Have you ever attended a meeting that meandered, led to more confusion, and ultimately led to another meeting to tie up the loose ends from the first, unsuccessful one?
Would you like to learn how to lead a meeting and leave the attendees wanting more? Of course you would!
Meetings Are Expensive
Years ago, I attended a weekly status meeting that lasted an hour, and there were 15 of us on the team. If our average hourly rate was $100 that meant each hour-long meeting cost $1500.
Let’s say your team of five is paid an average hourly rate of $100. This means an hour-long staff meeting costs $500. If you have weekly staff meetings, you’re looking at an annual cost of $26,000. Holy cow!
Make Meetings Worth the Investment
Step 1: Set a Goal. When you’re leading a meeting, are you clear on what you want to have when you all walk out of that room? If not, get clear on where you’re going—or you’ll never get there.
Kick off the meeting by greeting the attendees, and then say something as simple as,
“When we walk out of this room today, we’ll have a decision on how to proceed with next year’s marketing strategy”
“When we walk out of this room today, we’ll have identified five action items for improving operational efficiency.”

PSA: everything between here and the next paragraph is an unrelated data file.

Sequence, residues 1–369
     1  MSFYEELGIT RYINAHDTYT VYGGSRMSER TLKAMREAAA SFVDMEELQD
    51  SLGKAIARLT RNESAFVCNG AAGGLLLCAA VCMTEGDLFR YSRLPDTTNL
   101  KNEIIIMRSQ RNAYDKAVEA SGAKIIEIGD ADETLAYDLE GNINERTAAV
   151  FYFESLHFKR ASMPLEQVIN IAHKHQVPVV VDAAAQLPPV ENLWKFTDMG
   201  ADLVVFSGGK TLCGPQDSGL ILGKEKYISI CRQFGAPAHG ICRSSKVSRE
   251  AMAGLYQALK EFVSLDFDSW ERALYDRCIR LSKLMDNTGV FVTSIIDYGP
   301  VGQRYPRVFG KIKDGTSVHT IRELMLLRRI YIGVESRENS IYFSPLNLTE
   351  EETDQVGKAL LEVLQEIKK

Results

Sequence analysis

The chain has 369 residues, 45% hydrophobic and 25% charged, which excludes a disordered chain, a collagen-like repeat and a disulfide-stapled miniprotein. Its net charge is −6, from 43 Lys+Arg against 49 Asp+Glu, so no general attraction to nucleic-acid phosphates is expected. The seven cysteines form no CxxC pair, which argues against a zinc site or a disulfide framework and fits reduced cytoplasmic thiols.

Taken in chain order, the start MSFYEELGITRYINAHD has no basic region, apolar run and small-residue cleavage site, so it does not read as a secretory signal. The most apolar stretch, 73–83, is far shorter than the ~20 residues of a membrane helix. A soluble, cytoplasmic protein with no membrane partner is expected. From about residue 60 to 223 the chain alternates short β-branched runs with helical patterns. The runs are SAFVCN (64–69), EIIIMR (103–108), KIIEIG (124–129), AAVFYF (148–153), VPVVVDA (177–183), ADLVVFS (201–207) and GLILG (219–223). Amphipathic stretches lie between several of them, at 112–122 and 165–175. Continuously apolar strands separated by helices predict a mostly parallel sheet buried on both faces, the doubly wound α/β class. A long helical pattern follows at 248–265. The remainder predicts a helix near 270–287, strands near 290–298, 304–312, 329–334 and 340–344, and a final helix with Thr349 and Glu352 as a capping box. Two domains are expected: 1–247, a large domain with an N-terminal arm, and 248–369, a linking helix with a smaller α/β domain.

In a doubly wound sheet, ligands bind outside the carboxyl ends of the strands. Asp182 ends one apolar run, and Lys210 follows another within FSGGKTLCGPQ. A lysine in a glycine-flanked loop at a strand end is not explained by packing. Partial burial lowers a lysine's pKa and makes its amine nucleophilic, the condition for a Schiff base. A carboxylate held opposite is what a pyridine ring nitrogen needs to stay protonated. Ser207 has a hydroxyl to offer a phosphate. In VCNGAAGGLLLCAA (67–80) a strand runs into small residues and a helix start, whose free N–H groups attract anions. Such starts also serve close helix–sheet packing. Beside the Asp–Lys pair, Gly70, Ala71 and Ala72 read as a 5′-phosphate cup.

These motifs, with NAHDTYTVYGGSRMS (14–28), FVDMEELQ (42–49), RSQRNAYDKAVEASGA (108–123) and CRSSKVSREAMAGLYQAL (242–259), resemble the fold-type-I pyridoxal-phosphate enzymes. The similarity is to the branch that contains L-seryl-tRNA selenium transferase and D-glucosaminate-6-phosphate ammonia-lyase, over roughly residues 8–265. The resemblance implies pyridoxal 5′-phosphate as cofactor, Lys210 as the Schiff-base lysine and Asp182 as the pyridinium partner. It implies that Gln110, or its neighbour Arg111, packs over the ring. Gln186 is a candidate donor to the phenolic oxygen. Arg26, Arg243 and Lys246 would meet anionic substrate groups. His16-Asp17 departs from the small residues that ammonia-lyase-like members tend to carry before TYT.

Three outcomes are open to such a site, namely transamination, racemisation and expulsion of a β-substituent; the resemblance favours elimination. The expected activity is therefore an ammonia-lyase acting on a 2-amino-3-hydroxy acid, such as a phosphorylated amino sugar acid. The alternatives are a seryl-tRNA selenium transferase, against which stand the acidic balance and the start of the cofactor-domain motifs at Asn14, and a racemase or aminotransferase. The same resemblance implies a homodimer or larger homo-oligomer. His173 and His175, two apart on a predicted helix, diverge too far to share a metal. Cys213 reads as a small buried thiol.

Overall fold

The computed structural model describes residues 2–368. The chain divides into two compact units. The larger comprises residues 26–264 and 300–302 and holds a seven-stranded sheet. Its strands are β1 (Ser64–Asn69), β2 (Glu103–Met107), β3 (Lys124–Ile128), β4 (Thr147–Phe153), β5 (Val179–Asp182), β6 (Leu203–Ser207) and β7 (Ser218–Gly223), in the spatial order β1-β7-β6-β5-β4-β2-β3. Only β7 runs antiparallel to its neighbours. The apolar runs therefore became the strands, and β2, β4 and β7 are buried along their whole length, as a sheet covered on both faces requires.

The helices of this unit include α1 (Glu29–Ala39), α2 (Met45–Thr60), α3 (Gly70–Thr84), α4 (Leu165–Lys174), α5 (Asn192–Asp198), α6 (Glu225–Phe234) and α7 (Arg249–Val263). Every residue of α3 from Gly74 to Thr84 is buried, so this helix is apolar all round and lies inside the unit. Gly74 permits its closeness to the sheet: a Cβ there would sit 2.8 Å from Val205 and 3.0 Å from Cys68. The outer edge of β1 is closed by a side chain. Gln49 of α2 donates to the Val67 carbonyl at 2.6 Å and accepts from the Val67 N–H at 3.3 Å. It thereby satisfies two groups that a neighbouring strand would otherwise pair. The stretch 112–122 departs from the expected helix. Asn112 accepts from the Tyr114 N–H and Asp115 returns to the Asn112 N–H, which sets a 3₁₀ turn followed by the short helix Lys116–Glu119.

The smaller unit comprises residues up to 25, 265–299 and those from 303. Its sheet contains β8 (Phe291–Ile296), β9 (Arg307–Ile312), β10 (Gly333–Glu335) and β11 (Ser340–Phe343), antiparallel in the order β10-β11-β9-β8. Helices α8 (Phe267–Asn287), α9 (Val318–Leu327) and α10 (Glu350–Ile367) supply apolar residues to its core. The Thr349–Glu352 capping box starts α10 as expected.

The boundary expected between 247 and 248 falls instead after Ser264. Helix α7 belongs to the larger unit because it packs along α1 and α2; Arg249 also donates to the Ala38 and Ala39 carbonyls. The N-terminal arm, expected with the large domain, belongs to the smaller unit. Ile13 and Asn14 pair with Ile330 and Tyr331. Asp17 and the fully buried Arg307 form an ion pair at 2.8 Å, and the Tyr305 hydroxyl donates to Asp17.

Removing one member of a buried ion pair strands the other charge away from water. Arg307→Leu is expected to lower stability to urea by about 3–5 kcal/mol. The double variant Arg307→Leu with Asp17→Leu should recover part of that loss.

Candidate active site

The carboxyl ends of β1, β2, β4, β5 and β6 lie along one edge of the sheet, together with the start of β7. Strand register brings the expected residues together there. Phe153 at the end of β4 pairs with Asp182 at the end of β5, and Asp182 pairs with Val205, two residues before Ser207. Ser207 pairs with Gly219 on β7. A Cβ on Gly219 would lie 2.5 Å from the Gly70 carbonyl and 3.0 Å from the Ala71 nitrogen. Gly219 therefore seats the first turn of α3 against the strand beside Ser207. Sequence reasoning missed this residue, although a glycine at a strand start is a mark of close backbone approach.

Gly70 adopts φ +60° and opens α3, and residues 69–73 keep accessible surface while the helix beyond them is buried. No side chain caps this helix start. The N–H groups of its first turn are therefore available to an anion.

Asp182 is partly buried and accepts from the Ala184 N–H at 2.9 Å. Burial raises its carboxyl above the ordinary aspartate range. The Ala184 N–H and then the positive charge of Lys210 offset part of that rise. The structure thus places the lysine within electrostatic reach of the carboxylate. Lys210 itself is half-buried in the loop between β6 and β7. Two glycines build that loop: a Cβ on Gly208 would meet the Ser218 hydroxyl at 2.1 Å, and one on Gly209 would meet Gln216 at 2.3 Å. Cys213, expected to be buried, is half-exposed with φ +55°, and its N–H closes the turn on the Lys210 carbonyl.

And then work toward that end goal.
Step 2: Get Curious. Ask open-ended questions. Encourage everyone to give their ideas, including the typically quiet team mates, who usually process things by thinking through them. They may need to be invited to speak up.
A safe way to do this is to say, “Maria, we haven’t heard from you yet. What are your thoughts on how we can improve operational efficiency?”
Step 3: Have Fun. Leverage your sense of humor whenever appropriate—it will help others relax, and it’s in these higher mood states when we are all most creative. Under stress, our brains slip into a fight- or-flight mode, and ironically that’s usually when we most need creativity.
When you, as the meeting leader, give yourself permission to have fun and be creative, you unconsciously give others permission to do the same. When combined with being fully present, it’s another way of being in concert that builds relationships and teams.
Step 4: Wrap it Up with a Bow. At the end of the meeting, state aloud the decisions you’ve made and the next steps. State aloud the action items, who owns them, and the due dates as you understood them. Ask the participants if you missed (or misunderstood) anything. Then thank them sincerely for their contributions—gratitude goes a long way
Step 5: Follow Up. Show your support for the decisions and action items by honoring your commitments, following through on the ones assigned to you, and checking in on the others.
Be Known As the Meeting Guru
By following these steps, you’ll create a world in which your meetings are known for getting being inclusive, drawing out the best ideas, sponsoring a few laughs, and, ultimately, getting results.
And who wouldn’t want to be a part of that kind of magic?